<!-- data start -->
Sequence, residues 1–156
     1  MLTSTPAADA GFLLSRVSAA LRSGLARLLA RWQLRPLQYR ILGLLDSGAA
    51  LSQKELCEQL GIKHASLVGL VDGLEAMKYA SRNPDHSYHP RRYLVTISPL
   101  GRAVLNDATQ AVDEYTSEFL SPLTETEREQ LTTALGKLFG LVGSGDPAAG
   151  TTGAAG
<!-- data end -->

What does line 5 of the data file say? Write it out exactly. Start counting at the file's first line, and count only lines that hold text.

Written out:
   151  TTGAAG